One aspect of the recent SWIFT hacks should have people talking: The attempt by some hacking victims to shift their losses to other players in the SWIFT system.

By way of reminder, recent SWIFT hacks went like this: The culprits (maybe North Korea? maybe China? accusations are flying) managed to hack into victims’ computers. Known victims include Bank Bangladesh, Vietnam’s Tien Phong Bank, Ecuador’s Banco del Austro, and a Philippine bank, but there are likely others. Once the culprits broke into the victims’ systems, they used the victims’ SWIFT credentials to send transfer orders to other banks who held the victims’ correspondent accounts. Those banks, which included the NY Fed and Wells Fargo, then went about authenticating the orders under an agreed protocol used by SWIFT members. In due course, the SWIFT messages were all deemed authentic—because they were. Although the orders may have been unauthorized, they were in fact real instructions sent from the victims’ accounts. It’s the difference between someone forging a check with your name and someone tricking you into signing a real check. So naturally the recipient banks honored the victims’ apparent wishes and transferred tens of millions of dollars out of the victims’ accounts, most of which has now disappeared into the ether.

Some victims are now looking to the banks that honored the instructions for recompense. Bank Bangladesh reportedly hired US counsel to sue the NY Fed. Banco del Austro has already sued Wells Fargo. The theory is that Wells Fargo shouldn’t have honored the SWIFT instructions because, under the Uniform Commercial Code, a bank can’t rely solely on SWIFT authentication to determine whether instructions are legit. It has to do more—maybe call the instructing bank to confirm, or something along those lines.

Banco del Austro’s view has almost certainly raised some eyebrows among SWIFT members. Most banks do rely on SWIFT authentication without follow-up. If Banco del Austro is right, then they’ll all have to change their ways, and it’s going to make SWIFT banking a lot slower.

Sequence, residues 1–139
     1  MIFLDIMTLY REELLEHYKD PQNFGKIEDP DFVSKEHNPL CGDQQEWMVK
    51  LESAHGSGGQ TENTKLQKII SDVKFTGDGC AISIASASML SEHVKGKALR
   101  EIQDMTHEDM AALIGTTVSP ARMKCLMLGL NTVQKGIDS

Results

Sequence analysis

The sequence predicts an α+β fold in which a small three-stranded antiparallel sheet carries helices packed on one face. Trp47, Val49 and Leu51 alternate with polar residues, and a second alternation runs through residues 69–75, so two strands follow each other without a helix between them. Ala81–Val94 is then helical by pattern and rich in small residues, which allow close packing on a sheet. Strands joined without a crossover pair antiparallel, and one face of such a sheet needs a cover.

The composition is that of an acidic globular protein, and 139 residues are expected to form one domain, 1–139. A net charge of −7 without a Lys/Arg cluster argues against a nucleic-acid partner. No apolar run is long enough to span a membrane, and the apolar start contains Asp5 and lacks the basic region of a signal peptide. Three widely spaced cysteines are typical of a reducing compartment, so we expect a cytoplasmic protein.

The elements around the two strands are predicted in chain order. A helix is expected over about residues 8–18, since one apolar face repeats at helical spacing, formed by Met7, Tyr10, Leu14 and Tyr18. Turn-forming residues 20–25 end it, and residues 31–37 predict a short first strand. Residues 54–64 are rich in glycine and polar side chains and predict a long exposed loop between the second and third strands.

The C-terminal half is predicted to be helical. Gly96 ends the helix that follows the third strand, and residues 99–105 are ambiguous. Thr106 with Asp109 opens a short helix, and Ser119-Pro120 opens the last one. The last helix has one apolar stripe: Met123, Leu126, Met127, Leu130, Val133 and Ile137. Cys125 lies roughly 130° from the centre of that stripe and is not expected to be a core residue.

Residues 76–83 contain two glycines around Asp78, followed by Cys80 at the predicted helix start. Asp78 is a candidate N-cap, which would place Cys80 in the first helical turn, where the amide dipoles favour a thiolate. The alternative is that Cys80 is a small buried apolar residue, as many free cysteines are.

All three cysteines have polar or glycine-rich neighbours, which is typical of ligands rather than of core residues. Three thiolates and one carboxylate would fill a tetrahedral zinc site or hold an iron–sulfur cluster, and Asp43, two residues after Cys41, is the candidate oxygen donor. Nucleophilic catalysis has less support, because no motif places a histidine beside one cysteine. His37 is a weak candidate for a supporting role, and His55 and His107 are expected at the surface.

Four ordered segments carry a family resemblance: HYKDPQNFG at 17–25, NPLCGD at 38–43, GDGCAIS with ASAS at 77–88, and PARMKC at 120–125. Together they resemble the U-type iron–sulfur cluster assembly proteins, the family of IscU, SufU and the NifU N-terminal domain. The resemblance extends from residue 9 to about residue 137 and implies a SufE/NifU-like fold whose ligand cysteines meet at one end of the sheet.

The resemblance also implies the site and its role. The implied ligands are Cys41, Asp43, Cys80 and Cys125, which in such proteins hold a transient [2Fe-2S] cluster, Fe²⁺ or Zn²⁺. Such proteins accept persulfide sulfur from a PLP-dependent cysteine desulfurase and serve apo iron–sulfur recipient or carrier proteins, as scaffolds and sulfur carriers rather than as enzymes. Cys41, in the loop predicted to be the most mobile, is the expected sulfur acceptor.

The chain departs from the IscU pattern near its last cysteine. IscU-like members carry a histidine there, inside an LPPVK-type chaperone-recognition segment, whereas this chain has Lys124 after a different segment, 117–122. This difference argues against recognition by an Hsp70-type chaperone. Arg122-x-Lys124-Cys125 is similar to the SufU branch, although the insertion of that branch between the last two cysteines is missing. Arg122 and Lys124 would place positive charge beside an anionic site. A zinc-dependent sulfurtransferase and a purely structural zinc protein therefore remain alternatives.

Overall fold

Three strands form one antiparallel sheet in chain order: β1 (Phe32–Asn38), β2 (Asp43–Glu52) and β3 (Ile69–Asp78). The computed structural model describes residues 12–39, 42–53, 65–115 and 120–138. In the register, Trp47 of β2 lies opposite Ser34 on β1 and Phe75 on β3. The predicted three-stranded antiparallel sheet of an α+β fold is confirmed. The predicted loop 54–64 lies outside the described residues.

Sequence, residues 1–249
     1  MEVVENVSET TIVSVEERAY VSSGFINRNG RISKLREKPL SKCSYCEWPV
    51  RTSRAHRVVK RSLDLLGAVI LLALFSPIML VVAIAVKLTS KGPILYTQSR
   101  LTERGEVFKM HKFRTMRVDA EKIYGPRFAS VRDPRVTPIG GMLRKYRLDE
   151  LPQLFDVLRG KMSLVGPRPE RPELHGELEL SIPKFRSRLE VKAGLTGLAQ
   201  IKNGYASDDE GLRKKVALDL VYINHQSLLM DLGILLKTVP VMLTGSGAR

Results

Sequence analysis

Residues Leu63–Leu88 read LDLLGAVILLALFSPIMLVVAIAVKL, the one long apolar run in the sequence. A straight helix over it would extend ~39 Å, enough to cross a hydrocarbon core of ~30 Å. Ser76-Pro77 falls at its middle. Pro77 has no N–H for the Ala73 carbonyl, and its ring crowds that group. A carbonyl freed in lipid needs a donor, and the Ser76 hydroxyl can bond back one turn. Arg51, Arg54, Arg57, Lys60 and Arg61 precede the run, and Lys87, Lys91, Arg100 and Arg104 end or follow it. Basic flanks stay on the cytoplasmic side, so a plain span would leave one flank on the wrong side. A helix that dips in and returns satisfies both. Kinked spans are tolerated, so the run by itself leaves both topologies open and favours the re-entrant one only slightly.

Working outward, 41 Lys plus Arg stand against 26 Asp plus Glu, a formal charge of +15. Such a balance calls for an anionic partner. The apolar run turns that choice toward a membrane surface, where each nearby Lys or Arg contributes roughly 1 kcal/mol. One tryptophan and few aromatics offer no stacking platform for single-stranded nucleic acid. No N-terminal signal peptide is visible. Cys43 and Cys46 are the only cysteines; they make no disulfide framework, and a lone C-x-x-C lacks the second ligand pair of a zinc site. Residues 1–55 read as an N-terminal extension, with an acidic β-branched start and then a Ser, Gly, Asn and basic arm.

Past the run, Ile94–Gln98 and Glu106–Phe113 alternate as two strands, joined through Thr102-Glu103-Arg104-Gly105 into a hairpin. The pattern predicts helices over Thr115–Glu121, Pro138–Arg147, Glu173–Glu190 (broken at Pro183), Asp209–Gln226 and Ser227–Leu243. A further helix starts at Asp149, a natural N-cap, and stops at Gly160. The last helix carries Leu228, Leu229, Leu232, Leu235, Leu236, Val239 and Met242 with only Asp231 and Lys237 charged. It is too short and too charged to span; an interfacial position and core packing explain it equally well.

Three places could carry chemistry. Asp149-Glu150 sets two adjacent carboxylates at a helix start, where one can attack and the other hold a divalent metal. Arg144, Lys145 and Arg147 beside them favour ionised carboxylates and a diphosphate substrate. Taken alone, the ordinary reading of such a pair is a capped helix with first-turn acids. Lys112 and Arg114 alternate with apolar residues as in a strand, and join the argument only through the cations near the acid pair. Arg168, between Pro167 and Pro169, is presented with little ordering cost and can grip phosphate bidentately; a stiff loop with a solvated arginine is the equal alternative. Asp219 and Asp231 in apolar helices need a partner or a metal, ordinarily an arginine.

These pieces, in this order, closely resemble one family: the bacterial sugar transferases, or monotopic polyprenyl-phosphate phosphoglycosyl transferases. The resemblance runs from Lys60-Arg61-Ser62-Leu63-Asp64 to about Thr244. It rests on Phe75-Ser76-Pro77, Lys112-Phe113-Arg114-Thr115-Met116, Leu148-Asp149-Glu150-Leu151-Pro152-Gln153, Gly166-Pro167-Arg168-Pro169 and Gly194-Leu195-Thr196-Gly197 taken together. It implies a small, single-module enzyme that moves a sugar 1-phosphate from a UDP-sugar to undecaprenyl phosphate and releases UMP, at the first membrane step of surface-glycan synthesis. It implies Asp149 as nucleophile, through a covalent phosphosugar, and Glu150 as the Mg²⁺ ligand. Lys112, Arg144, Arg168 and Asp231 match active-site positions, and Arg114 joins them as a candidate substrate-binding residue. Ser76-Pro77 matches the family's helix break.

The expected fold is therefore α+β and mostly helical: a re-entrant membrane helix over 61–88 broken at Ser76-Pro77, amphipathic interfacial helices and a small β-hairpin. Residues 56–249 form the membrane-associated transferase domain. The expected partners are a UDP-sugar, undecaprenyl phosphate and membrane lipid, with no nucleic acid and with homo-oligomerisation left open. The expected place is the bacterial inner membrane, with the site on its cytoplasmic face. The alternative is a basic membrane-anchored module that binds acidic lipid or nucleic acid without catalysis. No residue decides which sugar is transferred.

But perhaps a more important implication of Banco del Austro’s view is that it could change who bears the risk of hacking. That is, Banco del Austro’s position would shift the costs of wire-transfer hacks from the banks who were hacked to the banks who weren’t. Remember, it was Bank Bangladesh and Banco del Austro who were hacked, not the NY Fed or Wells Fargo. According to reports, it was security flaws at the hacked institutions—reportedly the lack of a firewall and cheap routers in Bank Bangladesh’s case—that deserve blame. (Bank Bangladesh blames SWIFT for additional software vulnerabilities, but that’s a separate issue.) As a practical matter, shifting the costs of these failures to the banks who weren’t hacked means:

  • reducing the incentive of banks who issue instructions to take care of their own cybersecurity; and
  • placing the cybersecurity burden on the banks who receive instructions, even though there isn’t much that those institutions can do to solve the problem.

In other parts of the cyber world, the trend is the opposite. There, institutions are increasingly placing the costs of cyber security on the people who are closest to the vulnerability. After all, it’s those people who are best situated to prevent hacks.

One example is the well-known Target breach. There, remember, consumers had credit cards with banks; those banks had deals with Visa and Mastercard; Visa and Mastercard in turn provided payment systems to Target. After hackers stole consumer information from Target’s systems, consumers started finding fraudulent charges on their statements. Initially the cost fell on those consumers. But the costs quickly shifted to their banks, since most banks will credit a consumer’s account for fraudulent charges. Those banks, along with Visa and Mastercard, later sued Target, attempting to shift the costs of the breach further down the line. From a practical perspective, this put the burden of cybersecurity on the party closest to the hack.

Also consider a pending proposal in the UK to tweak the traditional rule that credit card issuers won’t hold credit card holders to fraudulent charges. The Financial Times reports that under the proposal, “[i]n the event that fraud is perpetrated on a customer with poor cyber security, a final step could involve the bank refusing to compensate any losses”. Although I can’t comment much without seeing a concrete proposal (which isn’t public yet), the point seems to be that the cyber security costs should be borne by the people who can actually do something about those risks.

SWIFT itself is addressing the question a different way: According to a separate Financial Times article this morning, SWIFT is considering cutting off services to banks that don’t meet minimum cyber security standards. By pushing out banks who fail to get their systems up to snuff, SWIFT could protect the rest of the system. That would shift the bulk of cyber security costs—or at least preventative costs—back onto the banks who are closest to the actual hacks. Which means that the outcome of Banco del Austro v. Wells Fargo might not matter that much.